VerDiCt featUreS BUilD & HanDling performanCe ValUe oVerall

www.digitalcameraworld.com


Kit Zone

ZEISS MILVUS 2/135 SpeCiFiCatiONS

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Full-frame compatible Yes Mount options Canon EF, Nikon F Image stabiliser No Minimum focus distance 0.8m Autofocus type None Focus limit switch No Internal focus No Filter size 77mm Iris blades 9 Weather seals Yes Supplied accessories Metal hood Length (ZE/ZF.2) 132/129mm Weight (ZE/ZF.2) 1,123/1,059g

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SHarpNeSS 2,500

CANON ZE

NIKON ZF.2

Centre

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T E L E PHO T O PRIME L E NS w w w. ze is s .com

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f/4

f/2.8

f/4

f/5.6

f/8

f/11

f/16

Edge

2,000 1,500 1,000 500

A fast manual telephoto with a sunny disposition

Available in Canon (ZE) and Nikon (ZF.2) mount options, the entire Milvus range is beautifully crafted. The 135mm is less flared at the front end than its wideangle siblings, but is substantially bigger. In each case, the all-metal construction of the barrels is matched by metal hoods. Unlike many Zeiss lenses, the focus rings have a rubber coating, making them more comfortable to use in cold weather, and less slippery to the touch. Comprehensive weather-seals are incorporated.

HIGHER SCORES aRE bETTER f/2.8

2,500

£1,900/$2,200

Build & handling

500 0 f/2

Zeiss milvus 2/135 Zeiss lenses are steeped in history: the Milvus 135mm is based on ‘Sonnar’ design principles that date back to 1930. Taking its name from ‘Sonne’, meaning sun, the idea was to minimise the number of glass-to-air surfaces and create the fastest possible aperture rating. The design doesn’t really work in wide-angle lenses for reflex cameras, but has plenty of telephoto potential.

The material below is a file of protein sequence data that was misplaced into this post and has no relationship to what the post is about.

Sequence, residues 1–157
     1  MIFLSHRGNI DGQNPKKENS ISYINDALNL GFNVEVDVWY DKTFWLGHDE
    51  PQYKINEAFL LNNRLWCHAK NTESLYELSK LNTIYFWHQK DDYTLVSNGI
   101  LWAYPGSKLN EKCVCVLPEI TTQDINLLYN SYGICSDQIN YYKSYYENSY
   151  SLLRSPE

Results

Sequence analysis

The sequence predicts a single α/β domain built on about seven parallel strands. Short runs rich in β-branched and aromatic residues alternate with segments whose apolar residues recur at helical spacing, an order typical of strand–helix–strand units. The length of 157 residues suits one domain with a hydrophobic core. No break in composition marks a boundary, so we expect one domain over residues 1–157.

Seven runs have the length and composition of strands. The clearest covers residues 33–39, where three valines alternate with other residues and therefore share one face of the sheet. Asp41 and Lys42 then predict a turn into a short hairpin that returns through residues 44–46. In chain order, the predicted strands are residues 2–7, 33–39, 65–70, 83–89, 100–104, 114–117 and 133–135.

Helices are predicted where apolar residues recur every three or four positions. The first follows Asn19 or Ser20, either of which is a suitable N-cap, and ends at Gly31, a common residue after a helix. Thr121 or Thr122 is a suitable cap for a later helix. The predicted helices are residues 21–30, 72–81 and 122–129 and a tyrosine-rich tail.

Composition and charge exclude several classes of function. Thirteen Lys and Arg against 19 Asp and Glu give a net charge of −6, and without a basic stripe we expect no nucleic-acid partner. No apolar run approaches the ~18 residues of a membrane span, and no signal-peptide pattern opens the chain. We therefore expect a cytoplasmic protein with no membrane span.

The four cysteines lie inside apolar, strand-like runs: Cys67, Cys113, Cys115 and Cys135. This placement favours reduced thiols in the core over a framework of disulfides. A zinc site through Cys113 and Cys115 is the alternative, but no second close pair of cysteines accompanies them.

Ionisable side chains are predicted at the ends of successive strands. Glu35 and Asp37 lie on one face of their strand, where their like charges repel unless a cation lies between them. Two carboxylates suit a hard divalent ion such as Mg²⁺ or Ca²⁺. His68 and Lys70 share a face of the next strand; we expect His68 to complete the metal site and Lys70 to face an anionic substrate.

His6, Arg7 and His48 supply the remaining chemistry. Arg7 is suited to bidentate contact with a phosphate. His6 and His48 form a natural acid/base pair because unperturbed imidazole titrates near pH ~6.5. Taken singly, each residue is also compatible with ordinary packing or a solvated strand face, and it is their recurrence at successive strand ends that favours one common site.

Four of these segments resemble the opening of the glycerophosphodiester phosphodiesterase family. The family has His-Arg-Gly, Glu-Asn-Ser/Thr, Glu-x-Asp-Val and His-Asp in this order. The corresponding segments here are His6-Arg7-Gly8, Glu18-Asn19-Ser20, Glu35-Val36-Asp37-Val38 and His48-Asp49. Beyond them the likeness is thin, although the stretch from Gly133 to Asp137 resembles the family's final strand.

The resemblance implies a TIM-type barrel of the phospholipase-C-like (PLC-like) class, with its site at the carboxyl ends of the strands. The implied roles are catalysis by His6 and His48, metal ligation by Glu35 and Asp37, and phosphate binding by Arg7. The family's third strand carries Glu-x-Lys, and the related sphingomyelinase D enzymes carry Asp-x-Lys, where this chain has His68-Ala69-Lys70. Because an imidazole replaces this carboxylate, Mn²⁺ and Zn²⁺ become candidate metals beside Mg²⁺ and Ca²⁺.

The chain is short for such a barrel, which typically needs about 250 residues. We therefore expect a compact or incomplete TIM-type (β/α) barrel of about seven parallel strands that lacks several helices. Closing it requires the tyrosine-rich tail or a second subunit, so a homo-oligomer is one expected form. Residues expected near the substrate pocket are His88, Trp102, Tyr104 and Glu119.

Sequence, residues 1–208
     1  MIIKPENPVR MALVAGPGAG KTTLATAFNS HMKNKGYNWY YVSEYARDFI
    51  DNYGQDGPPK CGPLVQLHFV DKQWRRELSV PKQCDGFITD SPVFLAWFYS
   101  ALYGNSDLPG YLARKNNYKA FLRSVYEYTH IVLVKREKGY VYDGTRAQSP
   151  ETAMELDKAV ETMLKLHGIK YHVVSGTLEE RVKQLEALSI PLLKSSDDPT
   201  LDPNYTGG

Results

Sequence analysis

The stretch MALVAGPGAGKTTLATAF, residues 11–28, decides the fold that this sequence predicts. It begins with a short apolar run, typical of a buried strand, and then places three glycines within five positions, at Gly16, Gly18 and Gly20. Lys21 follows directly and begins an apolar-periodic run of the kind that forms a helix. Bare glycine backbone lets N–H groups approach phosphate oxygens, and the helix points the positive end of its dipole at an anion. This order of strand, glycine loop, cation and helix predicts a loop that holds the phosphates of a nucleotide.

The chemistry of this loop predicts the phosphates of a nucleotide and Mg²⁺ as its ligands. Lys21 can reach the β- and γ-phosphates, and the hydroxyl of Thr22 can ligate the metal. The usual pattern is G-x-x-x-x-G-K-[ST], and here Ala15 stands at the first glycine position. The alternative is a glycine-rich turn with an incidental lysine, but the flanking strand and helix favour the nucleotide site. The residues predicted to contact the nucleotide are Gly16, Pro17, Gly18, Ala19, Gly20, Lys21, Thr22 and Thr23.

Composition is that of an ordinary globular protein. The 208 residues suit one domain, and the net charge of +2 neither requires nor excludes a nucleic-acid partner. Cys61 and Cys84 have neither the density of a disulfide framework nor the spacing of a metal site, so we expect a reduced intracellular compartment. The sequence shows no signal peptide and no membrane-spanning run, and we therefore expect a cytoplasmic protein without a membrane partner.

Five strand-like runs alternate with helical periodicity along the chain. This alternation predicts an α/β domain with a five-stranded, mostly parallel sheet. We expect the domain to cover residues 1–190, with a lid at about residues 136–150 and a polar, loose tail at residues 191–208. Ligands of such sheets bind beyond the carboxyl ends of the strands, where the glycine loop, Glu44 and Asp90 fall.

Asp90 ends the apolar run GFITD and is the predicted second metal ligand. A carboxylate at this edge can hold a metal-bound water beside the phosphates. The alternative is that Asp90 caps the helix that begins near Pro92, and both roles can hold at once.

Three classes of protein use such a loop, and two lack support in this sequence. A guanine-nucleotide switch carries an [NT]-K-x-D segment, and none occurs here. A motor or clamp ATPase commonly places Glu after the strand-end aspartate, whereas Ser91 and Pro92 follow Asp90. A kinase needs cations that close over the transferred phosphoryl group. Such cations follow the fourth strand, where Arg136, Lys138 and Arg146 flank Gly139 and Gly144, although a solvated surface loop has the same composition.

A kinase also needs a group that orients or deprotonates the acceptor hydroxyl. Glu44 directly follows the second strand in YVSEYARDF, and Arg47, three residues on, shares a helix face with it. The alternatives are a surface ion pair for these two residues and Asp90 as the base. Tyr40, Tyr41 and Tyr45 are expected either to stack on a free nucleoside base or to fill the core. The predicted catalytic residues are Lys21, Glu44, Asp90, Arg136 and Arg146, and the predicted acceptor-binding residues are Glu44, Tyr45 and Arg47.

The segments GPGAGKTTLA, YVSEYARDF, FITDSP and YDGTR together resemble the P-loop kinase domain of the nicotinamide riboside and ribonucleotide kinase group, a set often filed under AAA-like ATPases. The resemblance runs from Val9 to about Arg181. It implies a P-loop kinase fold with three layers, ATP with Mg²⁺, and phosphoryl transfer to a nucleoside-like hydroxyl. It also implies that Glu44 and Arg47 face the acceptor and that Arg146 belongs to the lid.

1,500 1,000

A notable difference between the Nikon-fit and Canon-fit Milvus lenses is that the Nikon editions have an aperture ring, complete with a de-click facility for stepless aperture control when shooting video. You need to remove the lens from the camera to change modes, but it’s a moot point for the Canon-fit lenses, in which the aperture can only be controlled from the host camera.

Performance When you set a wide aperture, the depth of field is very small so demands precise focusing. This lens’s electronics enable both focus assist and confirmation lamps in the camera viewfinder. Also helpful is the travel of the focus ring, which is much longer than in Milvus wide-angles. Even at small apertures like f/11, the depth of field markings are so close they’re largely superfluous. Sharpness and contrast are stunning, even at f/2. There are practically no chromatic aberrations and distortion is a non-issue. Matthew Richards

MARCH 2017

3

The Nikon-fit editions of all Milvus lenses have an aperture ring with a de-click mechanism, accessed via the rear of the lens mount.

f/8

f/11

f/16

FriNgiNg NEaRER 0 IS bETTER

f/2 0.48 f/8 0.62 f/16 0.59 Lateral chromatic aberrations are generally impossible to see, even in the corners.

DiStOrtiON NEaRER 0 IS bETTER

2

The inner barrel extends by up to 3cm as you shorten the focus distance, but the front element doesn’t rotate.

f/5.6

Sharpness across the whole frame is exemplary, even when you’re shooting at the widest aperture of f/2.

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Unlike in the Milvus wide-angle lenses, the whole front section of the barrel rotates during focusing.

HIGHER SCORES aRE bETTER